Sunday, August 31, 2014

Lesotho Leaders to Meet South African President
South African President Jacob Zuma to meet with Lesotho rival
By Associated Press August 31 at 9:14 AM

JOHANNESBURG — Lesotho’s prime minister is in South Africa to meet with leaders of his country’s coalition government and South Africa’s president to discuss recent unrest in the mountainous kingdom, a Lesotho official said.

Prime Minister Thomas Thabane has said that he fled to South Africa after an alleged attempt by the military to take over the country of about 2 million people. Lesotho’s Defense Forces deny any attempt at a coup although they say the military exchanged gunfire and disarmed two police stations in Lesotho’s capital, Maseru, on Saturday.

Lesotho’s Deputy Prime Minister Mothetjoa Metsing is running the government while Thabane is out of the country, according to the constitution, said Foreign Affairs Minister Mohlabi Kenneth Tsekoa. Political tensions have been high between the two and within the coalition government in the tiny kingdom since June when Thabane suspended parliament to dodge a vote of no confidence. Thabane’s All Basotho Convention party and Metsing’s Lesotho Congress for Democracy formed a coalition with a third party after 2012 elections and since then conflict has been simmering.

South Africa’s President Jacob Zuma and Namibia’s president are meeting with Lesotho’s coalition leaders, including Metsing, on Sunday to discuss the unrest and to work toward resolution, said Tsekoa. The countries are a part of the 15-nation regional group, the Southern African Development Community, which has taken action to resolve conflicts in Lesotho before.

There was little evidence of the conflict Sunday in Maseru, where people went about their daily lives.

Lesotho’s defense forces spokesman Ntlele Ntoi said the military had gathered intelligence that the police were going to arm factions participating in a demonstration planned for Monday by one of the coalition parties, the Lesotho Congress for Democracy. The military disarmed police in the capital, Maseru, to avoid bloodshed, Ntoi said.

An exchange of gunfire between the military, youths and police injured one soldier and four policemen, Ntoi said. Radio stations were also off for hours on Saturday.

“The arms have been removed and they are in military custody. The military has returned to the barracks,” Ntoi said, denying reports of any coup attempt. “We are not in a position now or in the future to stage a coup. All we do is to carry out our mandate to secure our country and property.”

But Lesotho’s prime minister told South Africa’s eNCA television that the military actions amounted to a coup. He said he did not give permission for the action and that something like this should not be happening in a democratic state.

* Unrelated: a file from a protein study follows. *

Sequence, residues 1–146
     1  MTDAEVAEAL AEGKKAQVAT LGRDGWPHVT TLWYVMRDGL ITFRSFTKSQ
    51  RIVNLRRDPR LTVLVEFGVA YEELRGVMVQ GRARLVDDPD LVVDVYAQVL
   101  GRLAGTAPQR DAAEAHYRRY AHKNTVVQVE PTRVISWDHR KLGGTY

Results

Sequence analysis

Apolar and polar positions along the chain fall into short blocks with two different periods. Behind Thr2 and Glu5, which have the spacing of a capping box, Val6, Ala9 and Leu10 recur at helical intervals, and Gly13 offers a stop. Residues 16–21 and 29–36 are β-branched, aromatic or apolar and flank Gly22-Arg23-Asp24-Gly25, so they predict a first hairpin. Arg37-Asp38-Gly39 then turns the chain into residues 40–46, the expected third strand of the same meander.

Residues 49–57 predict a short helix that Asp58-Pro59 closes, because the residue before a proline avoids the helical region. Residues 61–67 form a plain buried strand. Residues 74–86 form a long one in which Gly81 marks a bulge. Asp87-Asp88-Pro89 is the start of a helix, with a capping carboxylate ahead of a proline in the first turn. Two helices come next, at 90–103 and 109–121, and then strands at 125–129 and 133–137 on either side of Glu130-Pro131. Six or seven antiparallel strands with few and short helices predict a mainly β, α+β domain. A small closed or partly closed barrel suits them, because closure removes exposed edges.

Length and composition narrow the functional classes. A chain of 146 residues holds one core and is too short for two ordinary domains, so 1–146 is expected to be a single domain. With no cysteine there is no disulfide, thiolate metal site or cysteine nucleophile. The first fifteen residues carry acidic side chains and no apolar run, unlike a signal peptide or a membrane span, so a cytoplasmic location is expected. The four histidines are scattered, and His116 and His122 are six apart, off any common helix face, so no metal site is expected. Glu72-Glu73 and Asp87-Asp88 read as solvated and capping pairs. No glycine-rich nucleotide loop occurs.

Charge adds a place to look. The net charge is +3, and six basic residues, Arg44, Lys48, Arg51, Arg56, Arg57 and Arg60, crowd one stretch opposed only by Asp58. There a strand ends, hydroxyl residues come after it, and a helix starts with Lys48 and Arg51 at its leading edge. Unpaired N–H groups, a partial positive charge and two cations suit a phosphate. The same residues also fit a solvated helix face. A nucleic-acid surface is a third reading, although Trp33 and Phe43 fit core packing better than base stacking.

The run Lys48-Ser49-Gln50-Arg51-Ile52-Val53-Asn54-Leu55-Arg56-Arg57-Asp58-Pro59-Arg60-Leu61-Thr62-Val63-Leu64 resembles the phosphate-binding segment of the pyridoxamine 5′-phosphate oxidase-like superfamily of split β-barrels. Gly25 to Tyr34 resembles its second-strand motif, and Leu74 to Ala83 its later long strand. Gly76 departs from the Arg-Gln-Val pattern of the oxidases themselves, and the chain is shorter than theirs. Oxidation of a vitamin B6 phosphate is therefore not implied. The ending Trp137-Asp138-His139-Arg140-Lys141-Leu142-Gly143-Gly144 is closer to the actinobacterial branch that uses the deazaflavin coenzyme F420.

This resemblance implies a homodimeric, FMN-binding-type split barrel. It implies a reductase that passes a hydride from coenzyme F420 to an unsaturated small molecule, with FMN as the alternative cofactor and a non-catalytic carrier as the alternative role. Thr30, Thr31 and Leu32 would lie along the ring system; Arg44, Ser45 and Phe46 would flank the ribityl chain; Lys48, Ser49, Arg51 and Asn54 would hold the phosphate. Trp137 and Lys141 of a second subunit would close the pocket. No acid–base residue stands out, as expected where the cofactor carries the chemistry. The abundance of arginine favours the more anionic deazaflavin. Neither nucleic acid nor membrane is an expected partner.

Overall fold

South Africa’s Department of International Relations and Co-operations said the actions bore the hallmarks of a coup d’etat, and called for the military to allow the democratically elected government to return to business.

The U.S. said it is “deeply concerned” by the clashes and “calls upon government officials and all parties to remain committed to peaceful political dialogue and to follow democratic processes in line with the Lesotho Constitution and principles of the rule of law, according to a State Department statement from spokeswoman Jen Psaki.

South Africa’s ruling African National Congress called upon the African Union and the Southern African Development Community “to monitor the unfolding developments in Lesotho and continue to work with the people of that country to maintain law, order and democracy.”

The demonstration planned for Monday has been called off, according to Lesotho’s news agency.

The landlocked country’s first coalition government was formed in 2012 after competitive elections that ousted the 14-year incumbent Pakalitha Mosisili, who peacefully stepped down from power. The coalition has since been fragile.

Lesotho has seen unrest in its past and has seen a number of military coups since gaining independence from Britain in 1966.

The constitutional government was restored in 1993, after seven years of military rule. Violent protests and a military mutiny in 1998 came after a contentious election prompted intervention by South African military forces. Political stability returned after constitutional reforms, and parliamentary elections were peacefully held in 2002.

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